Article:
Lt. Gen. Stayce D. Harris is currently the Assistant Vice Chief of Staff and Director, Air Staff, at Headquarters, United States Air Force.
General Harris grew up in an Air Force family. Her father, who retired as a technical sergeant, served as an inspiration for her. In an interview, she mentioned, “I just wanted to be just like my dad, not that I knew what he did.” Given the frequent moves, there was plenty of opportunity for the family to live in different locations, and they would travel to places that she considered “new and exciting.” Her experience during this time reinforced in her genuine love for adventure and a sense of optimism that ultimately shaped her own Air Force career.
General Harris started junior ROTC in high school, and that experience proved both rewarding and pivotal for her as she began to plan for her future. Junior ROTC exposed her to the Air Force and led her to want to be part of something greater, a community in which she could serve her country. She ultimately transferred to the University of California on an ROTC scholarship after completing her freshman year at North Carolina State. When she first started college, she had not really considered being a pilot, but after an ROTC instructor suggested the idea, she found it appealing. “Why be a passenger when I can fly the plane all around the world?” was her observation. Stories of the famed Tuskegee Airmen of World War II served as additional inspiration as she focused on her training.
She was not daunted by the fact that flight training was mostly male-dominated. A top student in math and science in high school and college, she noted that you get used to being one of the few women in those classes. Although she was not unaware of indications that she faced a certain amount of bias at the time, both as a woman and as a minority, she determined not to be a victim but assertively chose to take responsibility for her future. She also recognized that the Air Force accepted diversity more than some other segments of society and offered opportunities for those who worked hard to excel.
After earning her pilot’s wings, she learned to fly a C–141 transport aircraft. She acknowledged that, at the time, she would have preferred to have been a fighter pilot, but that option was not open to women then. She did not complain, however, and realized that this gave her the opportunity to travel all over the world. And, of course, it opened the door to a civilian career as an airline pilot.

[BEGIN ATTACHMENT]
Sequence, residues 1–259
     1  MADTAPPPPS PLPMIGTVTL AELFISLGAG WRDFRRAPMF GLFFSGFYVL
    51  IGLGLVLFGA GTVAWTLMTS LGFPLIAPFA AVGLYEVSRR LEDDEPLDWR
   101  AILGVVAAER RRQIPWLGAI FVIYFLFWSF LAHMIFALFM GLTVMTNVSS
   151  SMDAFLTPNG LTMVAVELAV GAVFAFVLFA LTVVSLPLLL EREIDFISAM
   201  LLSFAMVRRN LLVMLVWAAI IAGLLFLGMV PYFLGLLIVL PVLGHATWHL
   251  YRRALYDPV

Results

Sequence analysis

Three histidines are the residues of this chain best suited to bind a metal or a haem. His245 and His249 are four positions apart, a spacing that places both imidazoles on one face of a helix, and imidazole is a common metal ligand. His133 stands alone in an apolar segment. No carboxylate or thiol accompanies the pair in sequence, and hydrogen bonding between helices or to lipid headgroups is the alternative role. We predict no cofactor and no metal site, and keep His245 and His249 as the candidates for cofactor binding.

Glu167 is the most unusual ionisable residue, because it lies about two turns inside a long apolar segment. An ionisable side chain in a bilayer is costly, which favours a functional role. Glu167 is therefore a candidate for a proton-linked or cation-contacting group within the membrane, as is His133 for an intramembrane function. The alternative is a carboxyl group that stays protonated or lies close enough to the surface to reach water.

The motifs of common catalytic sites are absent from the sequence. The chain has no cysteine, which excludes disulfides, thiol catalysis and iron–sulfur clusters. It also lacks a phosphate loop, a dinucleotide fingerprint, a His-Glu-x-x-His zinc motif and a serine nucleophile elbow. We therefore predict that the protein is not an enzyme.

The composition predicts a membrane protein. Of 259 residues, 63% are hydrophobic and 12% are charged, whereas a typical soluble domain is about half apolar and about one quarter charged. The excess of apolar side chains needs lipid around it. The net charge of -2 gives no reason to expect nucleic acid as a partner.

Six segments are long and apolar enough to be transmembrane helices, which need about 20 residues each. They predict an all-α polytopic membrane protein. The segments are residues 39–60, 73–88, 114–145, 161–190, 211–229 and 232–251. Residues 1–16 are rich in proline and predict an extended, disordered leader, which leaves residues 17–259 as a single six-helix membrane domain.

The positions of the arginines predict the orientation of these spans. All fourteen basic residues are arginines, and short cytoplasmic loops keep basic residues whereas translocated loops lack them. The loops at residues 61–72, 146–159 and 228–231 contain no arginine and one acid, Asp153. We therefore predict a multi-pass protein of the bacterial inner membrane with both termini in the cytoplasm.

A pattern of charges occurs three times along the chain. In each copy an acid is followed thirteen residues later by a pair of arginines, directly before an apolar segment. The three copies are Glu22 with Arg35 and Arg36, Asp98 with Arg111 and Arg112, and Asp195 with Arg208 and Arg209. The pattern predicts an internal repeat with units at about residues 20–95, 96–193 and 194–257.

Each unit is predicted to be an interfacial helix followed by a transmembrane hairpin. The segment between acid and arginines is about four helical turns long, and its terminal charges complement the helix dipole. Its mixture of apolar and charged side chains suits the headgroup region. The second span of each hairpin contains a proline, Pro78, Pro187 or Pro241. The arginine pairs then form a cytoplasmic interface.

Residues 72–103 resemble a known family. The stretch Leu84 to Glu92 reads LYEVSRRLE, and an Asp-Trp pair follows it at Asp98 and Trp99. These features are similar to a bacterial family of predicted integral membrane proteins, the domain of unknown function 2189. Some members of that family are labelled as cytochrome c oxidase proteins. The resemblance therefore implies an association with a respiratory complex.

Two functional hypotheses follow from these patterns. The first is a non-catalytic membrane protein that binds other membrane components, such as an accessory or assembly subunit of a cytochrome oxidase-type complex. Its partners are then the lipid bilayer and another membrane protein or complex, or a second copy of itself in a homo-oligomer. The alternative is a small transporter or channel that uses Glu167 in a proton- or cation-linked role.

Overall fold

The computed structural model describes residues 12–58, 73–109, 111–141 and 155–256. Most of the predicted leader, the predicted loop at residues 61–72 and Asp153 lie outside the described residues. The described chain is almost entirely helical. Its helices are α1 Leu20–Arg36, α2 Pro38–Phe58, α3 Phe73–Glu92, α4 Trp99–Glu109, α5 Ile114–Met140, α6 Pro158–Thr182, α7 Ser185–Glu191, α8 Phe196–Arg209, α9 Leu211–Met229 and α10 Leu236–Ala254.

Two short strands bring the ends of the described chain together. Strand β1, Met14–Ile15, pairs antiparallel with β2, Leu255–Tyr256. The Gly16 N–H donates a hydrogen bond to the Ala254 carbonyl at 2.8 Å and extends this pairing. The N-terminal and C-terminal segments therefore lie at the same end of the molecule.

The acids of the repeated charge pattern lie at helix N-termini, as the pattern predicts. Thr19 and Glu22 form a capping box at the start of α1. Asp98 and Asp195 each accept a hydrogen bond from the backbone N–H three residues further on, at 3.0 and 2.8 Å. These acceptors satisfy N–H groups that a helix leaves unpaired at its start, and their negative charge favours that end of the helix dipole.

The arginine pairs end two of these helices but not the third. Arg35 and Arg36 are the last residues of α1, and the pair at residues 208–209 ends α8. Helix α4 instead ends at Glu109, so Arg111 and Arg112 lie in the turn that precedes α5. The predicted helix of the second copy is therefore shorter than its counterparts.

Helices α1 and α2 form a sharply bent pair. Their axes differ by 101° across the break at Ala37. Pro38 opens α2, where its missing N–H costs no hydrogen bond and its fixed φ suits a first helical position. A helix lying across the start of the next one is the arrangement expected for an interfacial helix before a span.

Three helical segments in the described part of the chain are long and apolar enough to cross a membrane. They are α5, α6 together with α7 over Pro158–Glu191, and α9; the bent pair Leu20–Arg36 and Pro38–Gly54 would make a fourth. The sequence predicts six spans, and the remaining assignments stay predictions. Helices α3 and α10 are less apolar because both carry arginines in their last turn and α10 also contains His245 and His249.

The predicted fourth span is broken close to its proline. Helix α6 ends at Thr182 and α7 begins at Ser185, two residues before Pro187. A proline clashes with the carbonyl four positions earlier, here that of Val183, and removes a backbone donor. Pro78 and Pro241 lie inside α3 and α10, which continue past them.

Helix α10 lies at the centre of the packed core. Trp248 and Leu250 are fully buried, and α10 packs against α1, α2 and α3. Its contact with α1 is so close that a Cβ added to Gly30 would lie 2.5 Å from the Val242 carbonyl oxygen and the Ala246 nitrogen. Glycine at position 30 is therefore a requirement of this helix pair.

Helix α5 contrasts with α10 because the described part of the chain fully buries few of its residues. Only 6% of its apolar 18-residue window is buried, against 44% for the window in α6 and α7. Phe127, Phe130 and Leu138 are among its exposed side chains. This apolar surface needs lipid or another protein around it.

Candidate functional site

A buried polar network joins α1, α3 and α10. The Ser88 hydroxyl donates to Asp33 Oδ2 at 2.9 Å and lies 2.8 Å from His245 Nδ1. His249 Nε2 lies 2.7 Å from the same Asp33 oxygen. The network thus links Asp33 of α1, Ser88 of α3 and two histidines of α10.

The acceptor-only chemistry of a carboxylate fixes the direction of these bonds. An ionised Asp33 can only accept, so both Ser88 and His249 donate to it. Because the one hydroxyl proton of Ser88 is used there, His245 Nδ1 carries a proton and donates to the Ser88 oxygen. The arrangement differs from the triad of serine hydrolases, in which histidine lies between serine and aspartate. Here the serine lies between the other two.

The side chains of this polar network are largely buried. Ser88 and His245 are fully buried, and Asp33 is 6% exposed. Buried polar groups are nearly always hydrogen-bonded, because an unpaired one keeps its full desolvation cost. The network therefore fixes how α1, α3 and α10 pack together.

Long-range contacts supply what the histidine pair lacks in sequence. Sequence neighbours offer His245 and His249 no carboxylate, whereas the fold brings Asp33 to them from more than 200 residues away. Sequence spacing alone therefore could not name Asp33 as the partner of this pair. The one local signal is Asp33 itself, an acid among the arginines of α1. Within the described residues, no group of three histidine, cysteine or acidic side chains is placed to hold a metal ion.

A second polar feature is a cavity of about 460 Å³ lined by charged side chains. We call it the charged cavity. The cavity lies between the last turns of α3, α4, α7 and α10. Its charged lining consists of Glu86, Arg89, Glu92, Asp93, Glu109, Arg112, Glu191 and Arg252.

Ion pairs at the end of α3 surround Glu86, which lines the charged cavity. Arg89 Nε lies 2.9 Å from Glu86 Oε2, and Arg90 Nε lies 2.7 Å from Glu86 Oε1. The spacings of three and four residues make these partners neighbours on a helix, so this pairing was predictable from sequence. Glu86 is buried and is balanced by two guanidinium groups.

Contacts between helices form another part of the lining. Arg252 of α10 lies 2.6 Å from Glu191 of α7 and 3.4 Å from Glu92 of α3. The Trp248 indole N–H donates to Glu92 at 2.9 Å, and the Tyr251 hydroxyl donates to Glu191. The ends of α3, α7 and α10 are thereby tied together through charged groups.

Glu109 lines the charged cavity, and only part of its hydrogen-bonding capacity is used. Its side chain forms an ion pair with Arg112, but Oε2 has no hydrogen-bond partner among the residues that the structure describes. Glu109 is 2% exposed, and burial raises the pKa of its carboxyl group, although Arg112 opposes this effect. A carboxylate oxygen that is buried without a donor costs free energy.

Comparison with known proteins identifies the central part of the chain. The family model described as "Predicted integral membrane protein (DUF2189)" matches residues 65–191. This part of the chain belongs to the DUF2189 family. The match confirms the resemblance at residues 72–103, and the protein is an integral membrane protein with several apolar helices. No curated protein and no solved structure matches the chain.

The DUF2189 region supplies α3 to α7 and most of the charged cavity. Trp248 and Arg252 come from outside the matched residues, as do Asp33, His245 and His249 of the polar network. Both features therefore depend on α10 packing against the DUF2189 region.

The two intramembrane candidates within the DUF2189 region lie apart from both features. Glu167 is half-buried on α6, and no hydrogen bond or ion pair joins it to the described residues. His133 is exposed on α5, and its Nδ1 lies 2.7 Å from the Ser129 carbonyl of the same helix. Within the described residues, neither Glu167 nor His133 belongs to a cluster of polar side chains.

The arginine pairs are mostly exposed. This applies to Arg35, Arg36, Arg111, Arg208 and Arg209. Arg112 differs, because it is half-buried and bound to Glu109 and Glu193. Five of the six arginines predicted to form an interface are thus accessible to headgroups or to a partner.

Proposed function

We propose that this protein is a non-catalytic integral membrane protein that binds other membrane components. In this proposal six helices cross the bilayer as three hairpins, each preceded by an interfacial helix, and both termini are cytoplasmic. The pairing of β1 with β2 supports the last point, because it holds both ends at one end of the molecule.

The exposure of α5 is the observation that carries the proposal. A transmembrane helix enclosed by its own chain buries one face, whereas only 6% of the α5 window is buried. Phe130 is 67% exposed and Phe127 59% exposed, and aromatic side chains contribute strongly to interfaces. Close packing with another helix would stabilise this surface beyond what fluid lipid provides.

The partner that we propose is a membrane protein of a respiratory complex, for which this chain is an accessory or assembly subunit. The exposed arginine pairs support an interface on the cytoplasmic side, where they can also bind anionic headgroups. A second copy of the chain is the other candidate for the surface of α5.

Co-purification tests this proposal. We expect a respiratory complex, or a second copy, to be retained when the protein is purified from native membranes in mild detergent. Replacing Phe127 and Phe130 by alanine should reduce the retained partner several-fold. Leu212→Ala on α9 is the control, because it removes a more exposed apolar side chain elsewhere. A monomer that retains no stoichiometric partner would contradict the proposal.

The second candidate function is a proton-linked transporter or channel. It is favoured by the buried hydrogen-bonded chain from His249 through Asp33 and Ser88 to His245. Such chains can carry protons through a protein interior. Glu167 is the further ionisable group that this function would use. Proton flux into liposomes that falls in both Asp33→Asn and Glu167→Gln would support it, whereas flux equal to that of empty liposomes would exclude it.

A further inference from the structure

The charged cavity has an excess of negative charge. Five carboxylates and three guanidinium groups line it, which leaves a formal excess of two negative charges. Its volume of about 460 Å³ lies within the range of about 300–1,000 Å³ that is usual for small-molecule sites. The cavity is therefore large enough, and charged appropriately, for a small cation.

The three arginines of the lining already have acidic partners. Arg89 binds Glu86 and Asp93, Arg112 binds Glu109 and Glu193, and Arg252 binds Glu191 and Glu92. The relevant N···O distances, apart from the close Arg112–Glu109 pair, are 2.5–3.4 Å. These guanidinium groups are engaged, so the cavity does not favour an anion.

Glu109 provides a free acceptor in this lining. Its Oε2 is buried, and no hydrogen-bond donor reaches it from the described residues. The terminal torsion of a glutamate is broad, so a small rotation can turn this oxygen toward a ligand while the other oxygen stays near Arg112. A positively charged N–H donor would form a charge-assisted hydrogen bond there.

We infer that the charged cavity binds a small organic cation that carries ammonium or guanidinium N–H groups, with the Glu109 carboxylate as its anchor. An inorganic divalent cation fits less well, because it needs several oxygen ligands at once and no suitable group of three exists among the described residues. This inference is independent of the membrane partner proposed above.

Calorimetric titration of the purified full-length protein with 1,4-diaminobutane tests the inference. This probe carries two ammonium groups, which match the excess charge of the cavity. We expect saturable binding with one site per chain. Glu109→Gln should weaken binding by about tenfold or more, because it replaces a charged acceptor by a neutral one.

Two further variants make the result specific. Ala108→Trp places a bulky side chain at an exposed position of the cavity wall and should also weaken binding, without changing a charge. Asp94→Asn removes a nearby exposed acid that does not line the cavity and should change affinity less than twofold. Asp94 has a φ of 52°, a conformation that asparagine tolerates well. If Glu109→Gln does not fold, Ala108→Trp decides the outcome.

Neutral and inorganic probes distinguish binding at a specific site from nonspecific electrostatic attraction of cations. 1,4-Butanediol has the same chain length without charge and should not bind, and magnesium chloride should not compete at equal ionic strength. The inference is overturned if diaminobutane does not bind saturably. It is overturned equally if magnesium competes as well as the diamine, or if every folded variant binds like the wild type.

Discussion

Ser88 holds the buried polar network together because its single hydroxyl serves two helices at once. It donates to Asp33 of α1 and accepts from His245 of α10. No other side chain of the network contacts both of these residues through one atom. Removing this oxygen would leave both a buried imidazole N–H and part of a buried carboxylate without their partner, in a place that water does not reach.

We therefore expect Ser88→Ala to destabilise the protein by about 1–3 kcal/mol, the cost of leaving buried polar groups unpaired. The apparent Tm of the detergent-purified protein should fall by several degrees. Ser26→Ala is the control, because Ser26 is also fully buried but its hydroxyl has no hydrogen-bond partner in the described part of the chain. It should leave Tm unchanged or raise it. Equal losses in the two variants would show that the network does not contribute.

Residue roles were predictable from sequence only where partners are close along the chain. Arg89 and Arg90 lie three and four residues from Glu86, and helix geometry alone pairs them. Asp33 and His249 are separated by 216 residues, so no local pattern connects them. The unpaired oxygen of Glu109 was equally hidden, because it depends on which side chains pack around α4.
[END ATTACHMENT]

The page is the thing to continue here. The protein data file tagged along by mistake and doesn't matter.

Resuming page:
General Harris ultimately set many records as a barrier-breaker within the Air Force. On February 24, 2001, then a lieutenant colonel, she became the first African-American woman to command an Air Force flying squadron, the 729th Airlift Squadron at March AFB, California. From there, she later became a wing vice commander, a commander of an air expeditionary group, and later a wing commander of the 459th Air Refueling Wing at Andrews AFB, Maryland.
Following assignments at Headquarters, Air Mobility Command, U.S. Africa Command, and 18th Air Force, she assumed command of the 22d Air Force at Dobbins ARB, Georgia, overseeing Reserve air mobility operations, undergraduate pilot training, flight test operations, and the civil engineering response force. Contributing every day to the Air Force’s worldwide mission, aircrews of the 22d Air Force fly such missions as aerial spray, fire suppression, troop transport, and hurricane hunting.
In August 2016, General Harris became the first woman African-American to attain the rank of lieutenant general in the Air Force and the first reservist to return to active duty to fill the position of assistant vice chief of staff and director of the air staff. However, she does not choose to define herself by these achievements. She wants to inspire others to realize their opportunities to serve their country. Service is her watchword—not simply to the Air Force and to the United States but also to the airmen with whom she serves.
In an interview with Military.com, she expressed it this way. “I really am a grassroots leader and I care deeply about the airmen…. So the smallest thing that airmen have angst about, I feel." With a contagious optimism and passion for excellence, more than simply being a barrier-breaker, she wants to be a problem-solver and improve the Air Force and the experience of airmen throughout the world.